When I first started teaching, there was far less unnecessary pressure on schools, teachers and students, and a system of 100% coursework seemed to work quite well, as long as moderating processes were adequate. For a while I was group chair of a local panel of schools where we met to moderate and standardise GSCE coursework grades in English Literature. It seemed a fairer system to me, allowing students to develop and demonstrate a far wider range of analytical and writing skills, and completely removing the memory test element. Research at the time also suggested that coursework enabled girls to do better. It’s easy to see potential problems with this system, and they became more and more serious as the educational ‘reforms’ of the bean-counters in the 1980s took effect. Dishonesty was hard to detect and eliminate: teachers could instruct students on what they should write; parents or older siblings could write the essays; extracts from critics and study guides could be copied into an essay in the hope of better marks. Sometimes this might be detected: a lot of the time it surely wasn’t. The advent of the web made this all far worse, as did increasing pressure by school management and OfSTED to produce results.

For most of my teaching career a combination of coursework and examination obtained: the advantages and disadvantages have already been outlined, but the balance between the two allowed a wide range of knowledge, understanding and skills to be developed and assessed.

And now the pendulum seems to have swung back to where it was when I was at school: closed book exams. A number of issues come to the fore: league tables, and competition and comparisons between schools – the ‘market’ as it’s so quaintly called – demands ever higher results (grade inflation) when surely we should be aiming at the best for every student, and co-operation and sharing of resources and expertise between schools. This is compounded by the spread of ‘data collection’ where numbers and grades are perceived to be more important than a real understanding of a student’s strengths and weaknesses (professional judgement has gone out of the window) – how many ways are there to weigh a pig?

We do currently seem to have an education system that isn’t fit for purpose, partly because no-one’s sure of what the purpose is. We have a cumbersome exam system run by a number of competing commercial companies that pretend to be charities, who often cannot recruit enough properly qualified people to mark papers, while we have just increased the number of exams… I’ve often wondered how the French manage to get their baccalaureate marked and results out before the end of the summer term (which is earlier than ours…). And then there’s that major problem that got me started – the internet. If you can buy an essay, written to order, then you hand an advantage to the rich, and you have to turn the clock back to the exam room of forty years ago in the name of fairness. I did manage to memorise enough quotations from the eight texts I studied to help me get my grade ‘A’, but I’m not sure what good that memory test did me…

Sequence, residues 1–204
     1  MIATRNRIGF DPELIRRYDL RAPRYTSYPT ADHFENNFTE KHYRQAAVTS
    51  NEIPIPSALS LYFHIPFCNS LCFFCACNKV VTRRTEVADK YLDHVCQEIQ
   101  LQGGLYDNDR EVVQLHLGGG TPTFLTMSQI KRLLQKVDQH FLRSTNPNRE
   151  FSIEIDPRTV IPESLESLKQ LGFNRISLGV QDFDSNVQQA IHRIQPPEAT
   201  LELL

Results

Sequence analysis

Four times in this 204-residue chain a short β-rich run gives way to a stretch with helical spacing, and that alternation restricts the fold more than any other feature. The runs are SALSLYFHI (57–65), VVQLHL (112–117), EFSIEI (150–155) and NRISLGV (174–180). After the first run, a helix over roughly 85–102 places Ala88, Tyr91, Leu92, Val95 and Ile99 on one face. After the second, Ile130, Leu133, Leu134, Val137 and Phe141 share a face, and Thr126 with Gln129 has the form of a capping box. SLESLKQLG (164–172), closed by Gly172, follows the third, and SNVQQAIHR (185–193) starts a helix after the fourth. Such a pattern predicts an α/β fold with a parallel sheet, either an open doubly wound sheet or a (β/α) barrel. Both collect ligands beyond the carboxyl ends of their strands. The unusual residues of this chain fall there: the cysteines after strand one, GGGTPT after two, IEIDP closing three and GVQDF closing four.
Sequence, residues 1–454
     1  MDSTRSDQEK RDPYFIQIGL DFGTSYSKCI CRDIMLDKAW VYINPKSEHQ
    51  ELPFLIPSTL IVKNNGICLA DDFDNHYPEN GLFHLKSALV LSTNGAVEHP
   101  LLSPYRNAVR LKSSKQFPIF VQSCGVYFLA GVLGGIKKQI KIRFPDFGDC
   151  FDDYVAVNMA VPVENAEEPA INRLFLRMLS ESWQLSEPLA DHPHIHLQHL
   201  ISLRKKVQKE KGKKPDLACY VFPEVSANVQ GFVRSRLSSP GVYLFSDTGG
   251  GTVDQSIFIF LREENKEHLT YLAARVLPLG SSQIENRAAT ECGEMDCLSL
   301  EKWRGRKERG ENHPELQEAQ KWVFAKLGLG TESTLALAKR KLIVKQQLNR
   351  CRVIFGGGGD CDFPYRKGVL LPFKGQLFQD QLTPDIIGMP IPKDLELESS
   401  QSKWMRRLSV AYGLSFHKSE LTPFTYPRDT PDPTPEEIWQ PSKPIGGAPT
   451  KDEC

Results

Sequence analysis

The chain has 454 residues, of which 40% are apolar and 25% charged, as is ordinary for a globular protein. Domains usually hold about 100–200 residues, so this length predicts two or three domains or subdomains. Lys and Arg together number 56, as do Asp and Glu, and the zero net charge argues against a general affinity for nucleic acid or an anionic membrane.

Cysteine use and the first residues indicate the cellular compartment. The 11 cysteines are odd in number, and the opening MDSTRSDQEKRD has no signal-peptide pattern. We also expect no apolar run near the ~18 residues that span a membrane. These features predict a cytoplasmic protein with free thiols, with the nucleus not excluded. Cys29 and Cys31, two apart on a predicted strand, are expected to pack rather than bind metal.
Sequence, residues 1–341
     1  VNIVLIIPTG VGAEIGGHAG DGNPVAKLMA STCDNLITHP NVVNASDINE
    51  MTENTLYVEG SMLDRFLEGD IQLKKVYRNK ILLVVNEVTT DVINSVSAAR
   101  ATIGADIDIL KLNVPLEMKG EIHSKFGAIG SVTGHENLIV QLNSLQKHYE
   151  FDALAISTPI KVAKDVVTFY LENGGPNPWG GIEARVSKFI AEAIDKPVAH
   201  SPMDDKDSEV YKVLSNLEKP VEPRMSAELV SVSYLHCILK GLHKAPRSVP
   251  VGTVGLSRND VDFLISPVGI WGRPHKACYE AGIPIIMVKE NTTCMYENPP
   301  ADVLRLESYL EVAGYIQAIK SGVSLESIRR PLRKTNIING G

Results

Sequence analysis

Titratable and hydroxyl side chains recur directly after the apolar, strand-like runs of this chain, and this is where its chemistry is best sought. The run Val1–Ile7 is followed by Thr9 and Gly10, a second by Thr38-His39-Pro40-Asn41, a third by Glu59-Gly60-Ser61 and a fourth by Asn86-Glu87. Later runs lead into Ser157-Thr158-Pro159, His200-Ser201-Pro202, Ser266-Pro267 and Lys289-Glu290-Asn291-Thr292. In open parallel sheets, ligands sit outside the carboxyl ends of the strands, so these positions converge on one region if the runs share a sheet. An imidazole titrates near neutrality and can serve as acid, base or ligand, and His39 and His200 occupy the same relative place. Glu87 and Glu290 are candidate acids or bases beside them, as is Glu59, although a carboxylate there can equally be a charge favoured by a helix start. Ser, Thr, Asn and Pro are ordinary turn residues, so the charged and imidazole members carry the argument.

Montaigne: Essays

February 17, 2017

515td2p46tl-_ac_us218_When I was teaching, I used to set essays all the time, and yet I never really thought about this literary form at all, in the ways that I used to reflect on poetry, prose and drama. Essays were of various kinds, asking students to write about something they were interested in, something that had happened to them, to present an argument or to explore an opinion offered about a piece of literature, and, other than the obvious idea that the requested piece of writing was non-fictional by definition, that was it.

Having taken a long time – several years, with gaps – to work my way through Montaigne’s Essays (and I must also confess that I read them in English not French, having baulked just slightly at renewing my long-lost acquaintance with sixteenth century French) I have found myself thinking. Montaigne seems to be regarded as the originator of the form, a (relatively) short prose piece on a single topic which the writer may explore how she or he chooses, and often from a personal angle.

It doesn’t seem to be that easy a form to master, for it must either be tightly structured so that the reader knows exactly where you’re leading him or her, or, if it’s a looser kind of reflective wandering through a topic, it must not unravel too much and the reader feel lost in someone else’s ramblings. Which is why a large part of my teaching work was about how to plan and write essays.